Researchers led by Lisa A. Pan were inspired to assess metabolic function in people with treatment-resistant depression after a young patient with severe, persistent depression who had attempted suicide several times improved dramatically after being diagnosed with a tetrahydrobiopterin deficiency in his cerebrospinal fluid and treated for the deficiency. Tetrahydrobiopterin is critical to the production of monoamine neurotransmitters.

The researchers carried out a case-control study of 33 teen and young adult patients who had had treatment-resistant depression since childhood and 16 healthy control participants. Twenty-one of the 33 patients with severe depression had metabolic abnormalities in their cerebrospinal fluid. Twelve had cerebral folate deficiencies (but no folate deficiency in blood tests). Those who took folinic acid for at least six weeks (1–2 mg/kg/day) in addition to their regular medications showed sometimes dramatic improvement in their depression.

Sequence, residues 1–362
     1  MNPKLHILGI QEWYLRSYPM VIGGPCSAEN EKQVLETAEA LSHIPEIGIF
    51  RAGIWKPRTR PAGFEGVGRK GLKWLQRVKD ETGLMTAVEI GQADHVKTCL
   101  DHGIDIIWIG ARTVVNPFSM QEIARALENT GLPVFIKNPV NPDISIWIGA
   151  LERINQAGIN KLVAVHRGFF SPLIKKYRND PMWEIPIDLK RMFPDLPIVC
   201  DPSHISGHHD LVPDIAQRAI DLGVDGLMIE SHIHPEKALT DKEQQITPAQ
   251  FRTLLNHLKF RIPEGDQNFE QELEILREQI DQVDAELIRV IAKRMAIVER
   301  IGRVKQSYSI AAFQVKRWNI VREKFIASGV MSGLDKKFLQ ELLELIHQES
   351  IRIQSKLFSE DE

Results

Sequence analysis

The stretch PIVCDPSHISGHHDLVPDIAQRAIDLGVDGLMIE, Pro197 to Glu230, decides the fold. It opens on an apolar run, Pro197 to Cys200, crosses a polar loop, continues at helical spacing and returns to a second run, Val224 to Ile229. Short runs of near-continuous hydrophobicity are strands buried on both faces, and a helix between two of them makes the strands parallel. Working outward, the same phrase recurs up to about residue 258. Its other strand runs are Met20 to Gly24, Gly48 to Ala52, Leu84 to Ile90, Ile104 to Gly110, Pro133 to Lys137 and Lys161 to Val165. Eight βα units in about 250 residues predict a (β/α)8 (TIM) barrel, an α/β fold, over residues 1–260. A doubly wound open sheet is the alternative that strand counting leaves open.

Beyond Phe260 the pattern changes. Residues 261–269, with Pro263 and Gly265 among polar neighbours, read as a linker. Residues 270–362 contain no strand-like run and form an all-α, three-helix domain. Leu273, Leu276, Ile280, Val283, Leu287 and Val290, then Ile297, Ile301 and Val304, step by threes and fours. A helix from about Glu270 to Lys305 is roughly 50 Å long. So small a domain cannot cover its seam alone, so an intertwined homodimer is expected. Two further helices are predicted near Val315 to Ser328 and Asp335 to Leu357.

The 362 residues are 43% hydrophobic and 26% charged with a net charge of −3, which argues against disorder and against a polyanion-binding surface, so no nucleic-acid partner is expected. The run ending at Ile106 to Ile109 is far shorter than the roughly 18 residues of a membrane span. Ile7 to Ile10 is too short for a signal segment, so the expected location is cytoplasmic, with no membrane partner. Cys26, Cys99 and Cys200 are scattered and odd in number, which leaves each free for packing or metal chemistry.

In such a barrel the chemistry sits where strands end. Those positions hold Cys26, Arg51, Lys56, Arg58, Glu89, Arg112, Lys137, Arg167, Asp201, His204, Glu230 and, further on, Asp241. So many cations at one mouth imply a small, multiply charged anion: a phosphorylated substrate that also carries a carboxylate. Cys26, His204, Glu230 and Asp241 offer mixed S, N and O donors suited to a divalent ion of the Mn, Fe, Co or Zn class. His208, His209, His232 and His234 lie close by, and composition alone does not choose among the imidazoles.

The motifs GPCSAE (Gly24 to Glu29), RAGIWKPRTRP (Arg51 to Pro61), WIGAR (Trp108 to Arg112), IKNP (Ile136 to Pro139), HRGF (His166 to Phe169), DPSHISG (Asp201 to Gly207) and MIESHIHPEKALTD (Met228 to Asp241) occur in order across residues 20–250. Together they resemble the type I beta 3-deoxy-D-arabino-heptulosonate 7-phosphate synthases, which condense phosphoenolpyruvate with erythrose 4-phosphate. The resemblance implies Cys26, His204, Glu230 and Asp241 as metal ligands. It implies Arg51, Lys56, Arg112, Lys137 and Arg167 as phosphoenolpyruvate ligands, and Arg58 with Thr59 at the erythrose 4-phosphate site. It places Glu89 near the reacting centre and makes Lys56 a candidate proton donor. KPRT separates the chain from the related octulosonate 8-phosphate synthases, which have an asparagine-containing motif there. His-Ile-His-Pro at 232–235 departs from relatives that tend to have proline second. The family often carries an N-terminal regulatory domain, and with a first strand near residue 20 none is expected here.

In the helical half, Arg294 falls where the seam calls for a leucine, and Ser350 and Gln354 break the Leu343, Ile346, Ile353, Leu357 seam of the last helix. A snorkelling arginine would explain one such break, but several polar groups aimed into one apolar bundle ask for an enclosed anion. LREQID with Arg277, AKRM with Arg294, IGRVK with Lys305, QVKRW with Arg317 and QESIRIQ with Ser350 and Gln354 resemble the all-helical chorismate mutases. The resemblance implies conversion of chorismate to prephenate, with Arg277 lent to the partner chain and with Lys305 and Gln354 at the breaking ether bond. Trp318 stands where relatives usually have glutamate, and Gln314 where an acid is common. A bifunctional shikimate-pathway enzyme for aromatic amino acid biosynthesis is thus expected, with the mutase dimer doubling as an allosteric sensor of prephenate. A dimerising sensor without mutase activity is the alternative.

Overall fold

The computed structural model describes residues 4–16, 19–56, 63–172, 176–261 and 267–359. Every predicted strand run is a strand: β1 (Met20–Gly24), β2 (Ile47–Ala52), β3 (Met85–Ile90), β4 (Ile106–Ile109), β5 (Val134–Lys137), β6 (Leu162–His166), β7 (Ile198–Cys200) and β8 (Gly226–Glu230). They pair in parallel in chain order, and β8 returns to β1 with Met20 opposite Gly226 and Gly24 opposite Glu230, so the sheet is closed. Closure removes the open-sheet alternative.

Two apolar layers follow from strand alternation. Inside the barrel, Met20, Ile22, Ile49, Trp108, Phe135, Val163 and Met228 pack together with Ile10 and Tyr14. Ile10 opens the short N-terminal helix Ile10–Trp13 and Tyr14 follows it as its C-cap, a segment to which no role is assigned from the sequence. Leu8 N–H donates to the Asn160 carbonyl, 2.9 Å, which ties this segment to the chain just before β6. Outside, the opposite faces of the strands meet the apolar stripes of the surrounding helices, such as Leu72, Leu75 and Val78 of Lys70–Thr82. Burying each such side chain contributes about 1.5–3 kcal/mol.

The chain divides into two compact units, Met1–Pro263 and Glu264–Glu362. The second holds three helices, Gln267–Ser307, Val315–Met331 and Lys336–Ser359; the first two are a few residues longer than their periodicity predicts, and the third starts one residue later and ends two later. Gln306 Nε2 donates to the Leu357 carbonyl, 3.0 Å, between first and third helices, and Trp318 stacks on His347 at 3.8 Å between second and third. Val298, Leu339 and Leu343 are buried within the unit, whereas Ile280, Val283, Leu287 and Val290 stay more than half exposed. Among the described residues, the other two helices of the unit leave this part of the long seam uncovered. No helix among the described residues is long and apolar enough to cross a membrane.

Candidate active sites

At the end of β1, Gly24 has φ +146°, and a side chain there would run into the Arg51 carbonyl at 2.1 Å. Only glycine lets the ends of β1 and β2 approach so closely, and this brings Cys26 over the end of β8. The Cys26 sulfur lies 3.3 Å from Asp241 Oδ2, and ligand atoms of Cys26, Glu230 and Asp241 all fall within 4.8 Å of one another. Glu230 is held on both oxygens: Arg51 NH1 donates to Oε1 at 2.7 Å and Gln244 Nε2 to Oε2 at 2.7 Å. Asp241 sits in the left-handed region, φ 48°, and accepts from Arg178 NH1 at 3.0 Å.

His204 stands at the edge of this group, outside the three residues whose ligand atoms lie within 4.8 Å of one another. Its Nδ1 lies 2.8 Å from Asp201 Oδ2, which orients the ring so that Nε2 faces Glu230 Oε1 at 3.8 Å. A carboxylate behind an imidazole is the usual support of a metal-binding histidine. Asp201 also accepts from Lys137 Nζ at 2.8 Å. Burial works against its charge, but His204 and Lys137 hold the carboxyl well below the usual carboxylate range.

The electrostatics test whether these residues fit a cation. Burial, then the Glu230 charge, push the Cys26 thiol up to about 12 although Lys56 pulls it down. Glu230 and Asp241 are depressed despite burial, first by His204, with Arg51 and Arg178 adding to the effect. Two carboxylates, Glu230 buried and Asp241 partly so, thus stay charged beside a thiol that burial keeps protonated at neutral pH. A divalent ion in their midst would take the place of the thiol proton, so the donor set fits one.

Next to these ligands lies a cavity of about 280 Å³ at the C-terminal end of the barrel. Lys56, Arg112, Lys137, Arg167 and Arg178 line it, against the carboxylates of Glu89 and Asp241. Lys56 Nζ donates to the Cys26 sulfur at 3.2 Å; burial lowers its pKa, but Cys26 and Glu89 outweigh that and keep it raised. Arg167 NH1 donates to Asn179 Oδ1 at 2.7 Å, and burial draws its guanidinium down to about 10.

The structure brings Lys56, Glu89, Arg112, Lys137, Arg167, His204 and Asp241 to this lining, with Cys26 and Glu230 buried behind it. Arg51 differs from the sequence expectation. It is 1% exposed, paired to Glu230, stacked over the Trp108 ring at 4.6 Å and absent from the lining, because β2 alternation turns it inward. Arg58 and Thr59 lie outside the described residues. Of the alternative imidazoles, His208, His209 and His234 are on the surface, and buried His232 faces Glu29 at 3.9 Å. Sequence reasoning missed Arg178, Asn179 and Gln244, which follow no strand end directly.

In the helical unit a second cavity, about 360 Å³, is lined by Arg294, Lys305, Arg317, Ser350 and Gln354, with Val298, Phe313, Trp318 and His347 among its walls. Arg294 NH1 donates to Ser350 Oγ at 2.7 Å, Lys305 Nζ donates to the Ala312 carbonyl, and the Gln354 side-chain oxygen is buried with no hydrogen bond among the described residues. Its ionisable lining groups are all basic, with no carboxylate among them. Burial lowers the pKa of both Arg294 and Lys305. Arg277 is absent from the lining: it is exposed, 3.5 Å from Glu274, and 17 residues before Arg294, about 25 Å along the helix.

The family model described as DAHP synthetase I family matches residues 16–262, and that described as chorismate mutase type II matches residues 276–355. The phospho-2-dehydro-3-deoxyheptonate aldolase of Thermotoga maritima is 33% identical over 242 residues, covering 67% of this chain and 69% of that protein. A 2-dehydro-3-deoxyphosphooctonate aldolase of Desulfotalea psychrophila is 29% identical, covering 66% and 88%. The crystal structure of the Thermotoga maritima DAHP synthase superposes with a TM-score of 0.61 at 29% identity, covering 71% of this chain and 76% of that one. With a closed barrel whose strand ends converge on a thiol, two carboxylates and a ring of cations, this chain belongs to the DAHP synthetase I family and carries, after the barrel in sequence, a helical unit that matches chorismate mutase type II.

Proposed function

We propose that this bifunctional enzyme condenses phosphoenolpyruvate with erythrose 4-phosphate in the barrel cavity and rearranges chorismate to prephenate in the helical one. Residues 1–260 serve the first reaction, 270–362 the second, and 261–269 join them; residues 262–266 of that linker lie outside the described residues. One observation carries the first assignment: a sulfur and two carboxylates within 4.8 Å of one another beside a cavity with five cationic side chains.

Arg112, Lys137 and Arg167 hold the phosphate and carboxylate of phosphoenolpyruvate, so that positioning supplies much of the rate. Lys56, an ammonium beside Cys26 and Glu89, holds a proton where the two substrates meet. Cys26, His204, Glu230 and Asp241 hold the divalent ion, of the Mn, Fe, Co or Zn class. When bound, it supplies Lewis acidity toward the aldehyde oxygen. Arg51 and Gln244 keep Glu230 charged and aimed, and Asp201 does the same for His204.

Other metabolic issues identified in the patients with severe depression included abnormal levels of acylcarnitine in five patients, low tetrahydrobiopterin intermediates in one, low guanidinoacetate in another, and unusual creatine/creatinine ratios in three patients. None of the healthy participants had any metabolic abnormality.

While the study, published in the American Journal of Psychiatry in 2017, was small, it suggests that the underlying causes of some severe depression cases are going undiagnosed and untreated. The authors suggest that assessment of metabolic function should be more common in cases of severe treatment-resistant depression.